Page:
The Nationals signed Micah Owings to a minor league deal on Wednesday, inviting the 30-year-old to major league camp — as a first baseman.
Owings, a right-handed pitcher during the first six years of his major league career, began the transition back to a position player last season when a forearm strain forced him to the disabled list. While he was rehabbing the strain, after opening the season in the bullpen for the San Diego Padres, Owings continued to feel pain and felt the time was right for one of the league’s best-hitting pitchers to pursue his offensive game again.
Owings told the San Diego Union-Tribune at the time that his forearm strain did not have anything to do with his decision it did speed up the process. After that interview, later in the summer, Owings had bone chips removed from his elbow.
“I have thought about this transition for a long time,” Owings told the Union-Tribune. “It has always been in the back of my head because I can hit. I want to further develop this side of my game.”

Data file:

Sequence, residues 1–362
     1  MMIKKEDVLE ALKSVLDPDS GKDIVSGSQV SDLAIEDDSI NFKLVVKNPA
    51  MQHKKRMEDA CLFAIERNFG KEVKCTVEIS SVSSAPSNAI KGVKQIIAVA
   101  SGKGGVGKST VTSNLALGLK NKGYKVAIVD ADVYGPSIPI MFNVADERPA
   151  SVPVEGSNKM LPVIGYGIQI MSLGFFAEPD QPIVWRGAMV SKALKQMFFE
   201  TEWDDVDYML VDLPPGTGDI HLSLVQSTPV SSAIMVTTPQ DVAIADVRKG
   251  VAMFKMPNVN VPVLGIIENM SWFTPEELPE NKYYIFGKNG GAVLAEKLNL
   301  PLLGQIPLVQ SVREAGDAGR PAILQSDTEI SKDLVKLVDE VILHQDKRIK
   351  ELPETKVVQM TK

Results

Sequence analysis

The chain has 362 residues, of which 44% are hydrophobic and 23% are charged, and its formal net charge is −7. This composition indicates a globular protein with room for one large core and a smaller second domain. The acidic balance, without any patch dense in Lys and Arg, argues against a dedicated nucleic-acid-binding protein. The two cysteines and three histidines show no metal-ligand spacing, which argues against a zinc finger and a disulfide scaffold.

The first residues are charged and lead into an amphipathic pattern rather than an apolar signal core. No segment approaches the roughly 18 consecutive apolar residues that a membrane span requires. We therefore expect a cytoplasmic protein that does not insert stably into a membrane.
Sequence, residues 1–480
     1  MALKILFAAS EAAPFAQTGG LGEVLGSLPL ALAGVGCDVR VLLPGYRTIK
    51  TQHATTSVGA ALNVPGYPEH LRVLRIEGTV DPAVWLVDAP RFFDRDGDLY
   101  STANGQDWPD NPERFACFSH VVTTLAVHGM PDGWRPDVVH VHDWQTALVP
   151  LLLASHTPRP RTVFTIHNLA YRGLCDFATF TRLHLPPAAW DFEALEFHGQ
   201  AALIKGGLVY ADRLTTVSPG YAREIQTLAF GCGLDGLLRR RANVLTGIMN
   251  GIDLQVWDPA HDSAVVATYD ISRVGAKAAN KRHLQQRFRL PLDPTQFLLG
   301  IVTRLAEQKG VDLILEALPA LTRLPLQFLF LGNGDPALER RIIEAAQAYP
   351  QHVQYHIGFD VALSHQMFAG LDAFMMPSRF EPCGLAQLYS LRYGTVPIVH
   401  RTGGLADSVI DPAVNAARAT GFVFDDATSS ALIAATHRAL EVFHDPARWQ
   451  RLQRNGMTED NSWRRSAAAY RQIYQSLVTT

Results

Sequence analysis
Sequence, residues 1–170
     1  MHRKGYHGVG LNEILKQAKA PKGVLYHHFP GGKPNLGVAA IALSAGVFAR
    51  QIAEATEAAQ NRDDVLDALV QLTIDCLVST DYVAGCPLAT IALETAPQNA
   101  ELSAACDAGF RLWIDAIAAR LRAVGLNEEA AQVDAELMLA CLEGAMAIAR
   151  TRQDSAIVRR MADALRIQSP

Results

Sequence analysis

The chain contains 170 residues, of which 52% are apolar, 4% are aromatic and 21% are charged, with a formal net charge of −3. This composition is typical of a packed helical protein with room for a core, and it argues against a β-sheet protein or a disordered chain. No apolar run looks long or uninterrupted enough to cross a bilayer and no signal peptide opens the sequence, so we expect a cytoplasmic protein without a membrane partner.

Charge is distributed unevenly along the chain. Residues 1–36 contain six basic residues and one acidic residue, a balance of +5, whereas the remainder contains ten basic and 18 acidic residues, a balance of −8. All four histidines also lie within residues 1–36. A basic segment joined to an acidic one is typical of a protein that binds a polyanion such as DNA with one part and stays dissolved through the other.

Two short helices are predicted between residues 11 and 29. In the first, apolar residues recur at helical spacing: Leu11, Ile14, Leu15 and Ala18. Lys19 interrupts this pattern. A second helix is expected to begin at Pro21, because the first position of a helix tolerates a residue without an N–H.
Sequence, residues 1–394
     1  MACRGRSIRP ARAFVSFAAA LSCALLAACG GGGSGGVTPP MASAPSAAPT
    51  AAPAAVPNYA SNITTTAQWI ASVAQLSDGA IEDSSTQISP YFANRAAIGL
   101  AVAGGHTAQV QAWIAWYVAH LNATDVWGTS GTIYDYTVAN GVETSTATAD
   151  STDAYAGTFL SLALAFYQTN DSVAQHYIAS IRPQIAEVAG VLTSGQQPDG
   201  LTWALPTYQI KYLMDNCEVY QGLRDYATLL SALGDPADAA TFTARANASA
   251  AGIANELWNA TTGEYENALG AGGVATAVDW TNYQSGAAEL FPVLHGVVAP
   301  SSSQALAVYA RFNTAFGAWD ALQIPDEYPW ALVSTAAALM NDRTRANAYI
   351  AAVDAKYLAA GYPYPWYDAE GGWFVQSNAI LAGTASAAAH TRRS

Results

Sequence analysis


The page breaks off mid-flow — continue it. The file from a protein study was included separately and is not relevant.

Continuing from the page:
Owings has always had a gift offensively, but as one of the best pitching prospects in the country, the Arizona Diamondbacks — and Mike Rizzo — drafted him in the third round for his pitching abilities.
The Nationals will give him an opportunity to further the transition in major league camp with them this spring. Last summer, when he began the process, Owings did not want to abandon pitching entirely. It is not yet known whether the Nationals will allow him to continue to pursue pitching.
As a pitcher, in 219 plate appearances, Owings is a .283 career hitter with a .310 on-base percentage and .502 slugging percentage. He also has nine career home runs. Over the course of eight seasons in the minors, Owings hit .337.